Tue | Aug 21, 2018

St Lucia: Boundless beauty beckons

Published:Sunday | March 15, 2015 | 12:00 AMNashauna Lalah
Scenes from the independence day parade to mark St Lucia's 36th anniversary. The parade on the streets of Catries St Lucia, included the police force and other uniformed special services such as cadets, fire brigade, scouts, and even a contingent from the French isles.
Alison Moss-Solomon and Naomi Garrick, managing director of Garrick Communications, on the Campari boat ride in St Lucia on Thursday February 19.
Campari is as St Lucian as the Piton.
Crew of the Sunkiss Beat. From left: Hendrickson James Andrew Phillips, Antoine Jean and Marita Saint Omer.
Tannika White takes a walk through The Beacon's sanctuary garden.
The view from on top Pigeon Island with Signal Peak in the background.
Ugo Fiorenzo, senior market director at J Wray & Nephew Limited gets his hands on this slithering reptile.
Members of the Wray and Newphew team on Pigeon Island. From left: Tannika White, Alison Moss-Soloman, Sashae Leon, Sofia Bernard and Rowena Anderson.
Members of media and Campari distributors from across the region viewing the world's only drive in volcano.
An aerial view of the safest harbour in the world-Margot Bay.
The picturesque Margot Bay.
Students of Faulkners Pre-School getting a tour of Pigeon Island.
From left Timothy Peters, brand manager Campari/Sky Grenada, Antoine Jean crew member and Yannick Alice, distributor Guadeloupe with an Wahoo fish.
Witnessing a sunset on the Caribbean Sea in St Lucia.

St Lucia is a beautiful small island. I say small island because that's what it is. However, the nation's people are big on patriotism and pride, and are caring and welcoming. At 36 years old, St Lucia is a young nation with a promising future. With a population of just over 170,000, its charm is captivating.

A few weeks ago, Campari held its 2015 calendar launch on the island which, per capita, is the largest consumer of Campari in the world. Yes, St Lucia is Campari-crazy, with the drink being more like a part of the island's culture than anything else. There was Campari being sold, advertised or enjoyed almost everywhere we went while visiting for the launch. Asked why the seeming obsession with the famous red liqueur, St Lucians explained that it was because of the drink's diversity. There's no shortage of ways to enjoy it.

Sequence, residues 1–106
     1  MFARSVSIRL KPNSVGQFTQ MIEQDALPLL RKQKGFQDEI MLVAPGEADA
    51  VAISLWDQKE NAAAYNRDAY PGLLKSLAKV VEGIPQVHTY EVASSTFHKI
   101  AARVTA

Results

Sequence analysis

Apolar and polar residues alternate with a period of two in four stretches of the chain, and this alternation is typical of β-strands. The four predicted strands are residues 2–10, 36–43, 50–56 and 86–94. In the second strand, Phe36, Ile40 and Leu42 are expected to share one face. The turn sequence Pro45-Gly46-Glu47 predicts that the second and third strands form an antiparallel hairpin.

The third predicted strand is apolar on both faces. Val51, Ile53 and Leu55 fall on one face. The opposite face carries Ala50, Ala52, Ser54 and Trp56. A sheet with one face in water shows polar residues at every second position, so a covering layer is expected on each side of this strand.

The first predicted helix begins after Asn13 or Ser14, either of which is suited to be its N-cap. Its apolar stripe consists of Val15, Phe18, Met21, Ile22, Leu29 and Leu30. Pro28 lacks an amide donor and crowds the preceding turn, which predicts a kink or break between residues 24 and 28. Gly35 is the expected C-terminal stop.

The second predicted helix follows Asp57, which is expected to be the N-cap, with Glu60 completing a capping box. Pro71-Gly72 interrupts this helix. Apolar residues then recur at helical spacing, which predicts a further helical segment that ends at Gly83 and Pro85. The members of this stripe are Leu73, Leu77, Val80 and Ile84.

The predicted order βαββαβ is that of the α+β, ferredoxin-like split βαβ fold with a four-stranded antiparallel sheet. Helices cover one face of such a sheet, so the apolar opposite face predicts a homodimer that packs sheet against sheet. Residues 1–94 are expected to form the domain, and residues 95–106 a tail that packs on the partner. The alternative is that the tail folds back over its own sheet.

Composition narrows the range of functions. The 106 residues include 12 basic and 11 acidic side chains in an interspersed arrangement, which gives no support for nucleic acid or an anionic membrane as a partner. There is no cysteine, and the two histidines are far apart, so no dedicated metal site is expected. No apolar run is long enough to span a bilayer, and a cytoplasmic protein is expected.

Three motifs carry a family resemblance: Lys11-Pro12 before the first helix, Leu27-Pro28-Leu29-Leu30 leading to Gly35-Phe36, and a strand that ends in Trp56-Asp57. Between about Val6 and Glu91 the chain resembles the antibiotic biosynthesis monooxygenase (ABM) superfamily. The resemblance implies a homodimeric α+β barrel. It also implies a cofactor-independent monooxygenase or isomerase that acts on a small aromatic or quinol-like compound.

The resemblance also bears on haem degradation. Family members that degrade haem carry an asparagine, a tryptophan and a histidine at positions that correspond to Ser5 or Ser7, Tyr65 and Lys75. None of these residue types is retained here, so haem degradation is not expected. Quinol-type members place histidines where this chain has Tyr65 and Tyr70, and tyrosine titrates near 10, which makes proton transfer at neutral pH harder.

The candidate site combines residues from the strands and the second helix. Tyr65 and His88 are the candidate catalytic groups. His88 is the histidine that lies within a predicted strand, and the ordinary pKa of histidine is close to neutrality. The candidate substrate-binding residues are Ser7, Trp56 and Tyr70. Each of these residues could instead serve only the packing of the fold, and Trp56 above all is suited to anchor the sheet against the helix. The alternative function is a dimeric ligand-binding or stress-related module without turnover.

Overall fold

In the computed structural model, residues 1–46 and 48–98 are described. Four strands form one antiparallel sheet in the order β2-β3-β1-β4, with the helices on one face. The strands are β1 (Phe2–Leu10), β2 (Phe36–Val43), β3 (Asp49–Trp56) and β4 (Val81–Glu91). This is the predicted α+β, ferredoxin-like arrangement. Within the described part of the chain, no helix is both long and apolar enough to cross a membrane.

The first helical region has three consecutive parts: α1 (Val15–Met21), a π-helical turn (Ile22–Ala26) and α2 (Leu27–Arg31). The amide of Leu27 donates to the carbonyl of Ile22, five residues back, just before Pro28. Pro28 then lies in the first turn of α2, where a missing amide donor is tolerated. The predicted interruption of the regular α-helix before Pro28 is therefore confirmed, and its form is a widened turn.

Wray & Nephew, producers of Campari and organisers of the calendar launch, wanted to make sure this was a memorable trip for invited guests. And they succeeded. Distributors and media from across the region invaded the scenic village of Rodney Bay, located at the northernmost point on the island.

Our first order of business was to take to the seas. After all, what better way to see the island than from the sea?

With captain Andy at the helm of the Sunset, we were all geared up and ready to go. Calypso and soca beats pulsated in the vessel and, as it rocked on the waves, so did the bodies. Our tour had officially begun.




What was instantly apparent was how mountainous the country is. For an island only 21 miles long and 14 miles wide, it sure had a lot of beautiful mountains, including the highly regarded Pitons (or Twin Peaks) which is the most iconic site on the island. St Lucians love the Pitons. The pair of pointy mountains are a national treasure. They're on the island's flag, there's a beer named after them, restaurants offering food made in their honour and tourism campaigns that revolve around their majestic beauty. As we cruised down to the south coast towards SoufriÈre, the much-heralded mountains came into full view. A UNESCO heritage site, the Gros Pitons is 771 metres high and its eternal neighbour, the Petit Piton, is 743 metres high. The pair live up to their big reputation. All on the boat fell silent, taking it in and snapping photos.

As highly regarded as the Pitons are, however, they are by no means the only scenic spot in St Lucia. As one St Lucian told me, wherever you live on the island you will have a view, whether you like it or not. We cruised along the coast, past the private estate of Anse Chastanet, above which is the lovely Jade Mountain Hotel. It's the most expensive hotel on the island and it's where the final rose episode of ABC's The Bachelor was filmed in 2014. From the sea, it looks more like an unfinished structure overrun by flowers. But the hotel is actually an architectural masterpiece. It's living rooms, bedrooms and infinity pool all flow into one, and of course, it offers a terrific view of the Pitons.